Look closely at the boat above, if you didn't notice what an ingenious little bodge-job it is. A wooden box on the metal canisters to make a pontoon boat. People around here are perpetually inventive with their limited resources.
My day with Cletus through the crater lakes and banana fields also included a hike to a nice waterfall. It was a lovely day, all in all, though (a) I was a bit ill to my stomach, and (b) while Cletus was a nice guy, he asked me every few minutes if I was OK ... "how are you?" "are you good?" "are you OK?" ... and by the end of the day I just couldn't answer him anymore. He wasn't asking this on account of my illness because I didn't tell him I was sick; he was just asking to ask. Amusing, but eventually tiresome. But a minor point in an otherwise awesome day.
Uganda Wildlife Education Center - Entebbe, Uganda.
So what all goes on at the UWEC? Here's a little tour around some of the activities.
I already told you about my first activity of the day, feeding the chimpanzees porridge. Then cutting up fruits and vegetables and feeding the patas monkeys and oribi.
Elsewhere around the UWEC, zookeepers are collecting grass from around the UWEC grounds to feed to some of the hoofed animals in various enclosures, and yes, cutting up more tons of fruits and veges for the critters. The produce and meats are delivered to the distribution room, where the keepers then weigh out the food and separate into crates for the various animals.
The grass and produce are put in the back of the tractor to make the rounds to the giraffes and ostriches who also share their space with eland and cow. First the giraffes emerge from the forest to follow the tractor.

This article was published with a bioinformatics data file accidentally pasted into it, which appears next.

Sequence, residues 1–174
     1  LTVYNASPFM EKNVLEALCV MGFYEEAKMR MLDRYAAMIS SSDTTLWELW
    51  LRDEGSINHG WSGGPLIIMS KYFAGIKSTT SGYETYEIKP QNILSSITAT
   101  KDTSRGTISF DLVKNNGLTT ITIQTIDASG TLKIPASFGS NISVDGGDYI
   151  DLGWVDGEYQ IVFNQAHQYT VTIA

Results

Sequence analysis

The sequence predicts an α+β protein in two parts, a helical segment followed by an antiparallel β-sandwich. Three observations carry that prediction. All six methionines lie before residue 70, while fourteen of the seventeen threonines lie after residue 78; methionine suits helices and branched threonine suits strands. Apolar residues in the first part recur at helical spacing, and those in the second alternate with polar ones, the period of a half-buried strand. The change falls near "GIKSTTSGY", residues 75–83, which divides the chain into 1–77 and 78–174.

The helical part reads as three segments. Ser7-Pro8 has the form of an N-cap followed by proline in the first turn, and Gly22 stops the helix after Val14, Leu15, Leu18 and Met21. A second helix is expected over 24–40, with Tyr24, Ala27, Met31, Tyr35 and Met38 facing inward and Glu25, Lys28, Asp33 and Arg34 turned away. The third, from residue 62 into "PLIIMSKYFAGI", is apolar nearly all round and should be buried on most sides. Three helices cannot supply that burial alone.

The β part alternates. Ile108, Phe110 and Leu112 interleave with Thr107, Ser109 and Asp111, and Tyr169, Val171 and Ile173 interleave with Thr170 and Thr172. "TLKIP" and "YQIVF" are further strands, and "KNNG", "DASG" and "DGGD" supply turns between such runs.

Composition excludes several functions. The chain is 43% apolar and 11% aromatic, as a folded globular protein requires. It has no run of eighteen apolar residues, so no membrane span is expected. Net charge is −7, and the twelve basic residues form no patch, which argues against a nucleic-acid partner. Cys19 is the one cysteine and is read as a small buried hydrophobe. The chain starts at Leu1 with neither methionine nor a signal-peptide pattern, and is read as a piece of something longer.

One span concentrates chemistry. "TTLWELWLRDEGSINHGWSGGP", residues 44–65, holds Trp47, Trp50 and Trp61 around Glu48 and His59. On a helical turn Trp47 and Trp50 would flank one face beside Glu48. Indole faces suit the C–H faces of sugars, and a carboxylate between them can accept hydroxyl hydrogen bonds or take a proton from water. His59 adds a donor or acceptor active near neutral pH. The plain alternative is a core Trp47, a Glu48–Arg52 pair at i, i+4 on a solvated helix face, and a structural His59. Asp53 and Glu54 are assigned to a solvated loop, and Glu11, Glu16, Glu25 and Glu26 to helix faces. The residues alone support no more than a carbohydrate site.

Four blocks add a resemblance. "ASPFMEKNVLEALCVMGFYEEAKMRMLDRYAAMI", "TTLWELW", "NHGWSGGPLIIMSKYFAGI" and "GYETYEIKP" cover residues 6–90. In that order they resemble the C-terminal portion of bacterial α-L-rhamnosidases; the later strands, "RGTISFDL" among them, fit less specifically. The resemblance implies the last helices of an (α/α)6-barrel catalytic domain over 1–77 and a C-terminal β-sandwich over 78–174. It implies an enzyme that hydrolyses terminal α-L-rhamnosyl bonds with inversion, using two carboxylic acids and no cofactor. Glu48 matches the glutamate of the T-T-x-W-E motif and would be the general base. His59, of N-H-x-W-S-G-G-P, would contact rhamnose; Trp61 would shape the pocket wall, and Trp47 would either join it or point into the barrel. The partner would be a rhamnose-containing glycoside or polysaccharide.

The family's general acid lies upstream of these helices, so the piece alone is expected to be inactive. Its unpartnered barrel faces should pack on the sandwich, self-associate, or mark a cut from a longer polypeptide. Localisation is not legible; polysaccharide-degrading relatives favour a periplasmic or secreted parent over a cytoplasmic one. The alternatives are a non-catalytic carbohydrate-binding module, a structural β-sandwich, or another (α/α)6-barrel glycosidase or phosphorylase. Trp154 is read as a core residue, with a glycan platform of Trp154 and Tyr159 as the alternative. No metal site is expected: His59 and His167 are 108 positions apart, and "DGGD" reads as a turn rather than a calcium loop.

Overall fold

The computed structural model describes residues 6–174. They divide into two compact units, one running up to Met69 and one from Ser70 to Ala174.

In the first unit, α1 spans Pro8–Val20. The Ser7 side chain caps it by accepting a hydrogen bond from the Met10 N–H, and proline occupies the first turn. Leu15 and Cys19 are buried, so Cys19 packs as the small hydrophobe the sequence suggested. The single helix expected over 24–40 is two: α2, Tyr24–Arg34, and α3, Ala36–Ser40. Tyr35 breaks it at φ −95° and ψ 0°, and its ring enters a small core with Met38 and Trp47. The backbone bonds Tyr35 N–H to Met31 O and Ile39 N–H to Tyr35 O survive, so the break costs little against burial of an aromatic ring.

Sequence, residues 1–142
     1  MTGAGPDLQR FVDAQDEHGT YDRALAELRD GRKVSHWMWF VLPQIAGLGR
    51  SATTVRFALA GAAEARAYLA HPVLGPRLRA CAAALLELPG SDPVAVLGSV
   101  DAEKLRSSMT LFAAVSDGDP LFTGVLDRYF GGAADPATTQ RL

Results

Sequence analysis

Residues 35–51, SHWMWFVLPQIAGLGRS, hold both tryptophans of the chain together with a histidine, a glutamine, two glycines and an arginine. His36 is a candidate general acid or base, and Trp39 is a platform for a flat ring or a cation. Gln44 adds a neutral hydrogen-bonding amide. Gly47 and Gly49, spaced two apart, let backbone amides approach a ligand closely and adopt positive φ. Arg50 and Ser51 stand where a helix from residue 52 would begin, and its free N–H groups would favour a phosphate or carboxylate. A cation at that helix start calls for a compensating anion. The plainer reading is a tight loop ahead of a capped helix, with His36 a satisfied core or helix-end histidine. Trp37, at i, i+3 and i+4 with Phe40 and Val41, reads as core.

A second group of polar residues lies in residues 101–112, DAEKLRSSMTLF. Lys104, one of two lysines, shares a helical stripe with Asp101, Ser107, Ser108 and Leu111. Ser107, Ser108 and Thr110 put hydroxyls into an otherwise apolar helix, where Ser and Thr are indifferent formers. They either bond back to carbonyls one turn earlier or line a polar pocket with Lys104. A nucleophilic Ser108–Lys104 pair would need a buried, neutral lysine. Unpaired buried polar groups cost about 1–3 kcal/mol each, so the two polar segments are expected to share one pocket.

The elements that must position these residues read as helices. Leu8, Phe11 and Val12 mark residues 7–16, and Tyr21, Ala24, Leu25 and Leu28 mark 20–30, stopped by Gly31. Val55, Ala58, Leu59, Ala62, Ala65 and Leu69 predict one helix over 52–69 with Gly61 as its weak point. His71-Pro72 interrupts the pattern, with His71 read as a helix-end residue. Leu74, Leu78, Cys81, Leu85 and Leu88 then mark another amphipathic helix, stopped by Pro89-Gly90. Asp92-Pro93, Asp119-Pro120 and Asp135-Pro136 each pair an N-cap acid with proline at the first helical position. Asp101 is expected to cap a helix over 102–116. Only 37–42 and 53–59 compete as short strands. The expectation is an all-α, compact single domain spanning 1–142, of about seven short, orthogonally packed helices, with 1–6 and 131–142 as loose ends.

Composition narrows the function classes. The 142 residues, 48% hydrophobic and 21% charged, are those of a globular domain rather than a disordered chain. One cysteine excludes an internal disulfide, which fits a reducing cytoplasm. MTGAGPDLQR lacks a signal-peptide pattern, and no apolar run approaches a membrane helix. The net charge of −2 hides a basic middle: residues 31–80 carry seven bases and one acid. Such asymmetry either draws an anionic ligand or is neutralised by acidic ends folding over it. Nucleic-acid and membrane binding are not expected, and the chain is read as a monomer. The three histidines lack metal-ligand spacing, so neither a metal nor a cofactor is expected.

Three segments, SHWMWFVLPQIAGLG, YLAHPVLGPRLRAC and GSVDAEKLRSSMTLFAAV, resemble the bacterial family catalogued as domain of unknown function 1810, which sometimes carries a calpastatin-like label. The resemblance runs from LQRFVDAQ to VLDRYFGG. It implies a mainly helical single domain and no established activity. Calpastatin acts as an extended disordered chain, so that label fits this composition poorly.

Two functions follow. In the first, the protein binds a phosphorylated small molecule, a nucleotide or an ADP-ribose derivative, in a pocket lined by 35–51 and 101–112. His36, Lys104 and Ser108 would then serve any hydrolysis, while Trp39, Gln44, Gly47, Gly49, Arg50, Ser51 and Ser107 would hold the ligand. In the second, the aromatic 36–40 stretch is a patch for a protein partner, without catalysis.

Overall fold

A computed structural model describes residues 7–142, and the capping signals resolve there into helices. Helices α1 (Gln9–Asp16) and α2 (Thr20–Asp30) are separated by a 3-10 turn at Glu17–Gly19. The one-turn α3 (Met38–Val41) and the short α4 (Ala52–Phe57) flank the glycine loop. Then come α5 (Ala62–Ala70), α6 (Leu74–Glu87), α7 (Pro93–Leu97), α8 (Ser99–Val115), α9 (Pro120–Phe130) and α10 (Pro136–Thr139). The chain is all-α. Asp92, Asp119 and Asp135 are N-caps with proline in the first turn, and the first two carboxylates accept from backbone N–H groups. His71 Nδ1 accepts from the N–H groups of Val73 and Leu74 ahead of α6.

Then the ostriches come running in. I was a bit frightened of the ostriches, to be honest. They were quite aggressive and those beaks are intimidating when they're hurtling toward you at the end of a long neck.
The cow tries to nibble off the back of the tractor as we drive in. But the eland is more patient.
The giraffe is so gentle he eats right out of my hand; I could practically kiss him. (but I didn't try to)
Other critters to visit in the morning include the water buck. An adorable young one currently in residence. And the white rhino, who is a gentle creature. I was far more anxious about feeding the ostriches than the rhino!
This is me showing my impressive strength (ha) in hoisting up a bundle of grass with a pulley.
If we've run out of fish to feed the birds (minus the ostriches who eat grass), we can throw a net into the moat around the chimp island and catch some. Once we caught a fish and when we looked in its mouth, the mouth was completely full of teensy-weensy baby fish. I'd never seen anything like that. We threw the mom back in the water. A variety of life lives in those waters, including a very large monitor lizard! Onapa watches us with interest from the island.
After the animals are fed, it's time to feed me. There is where I sit at the shore of Lake Victoria, my view as I eat, and the kitty who sits in my lap while I wait for food and then of course begs for food while I eat. He is being adopted by the other American volunteer; she completed shots and paperwork to take him home with her when she returns. After eating, I am all big and strong and read to slice and dice yet more food. ha ha. And also strong enough to shoo away the vervets that constantly try to steal my breakfast off my plate. I learned eventually to simply not set my plate on the table, but to hold it to my chest while I eat.
One of my favorite things was being able to watch the grey crowned cranes that freely roamed the grounds while I ate.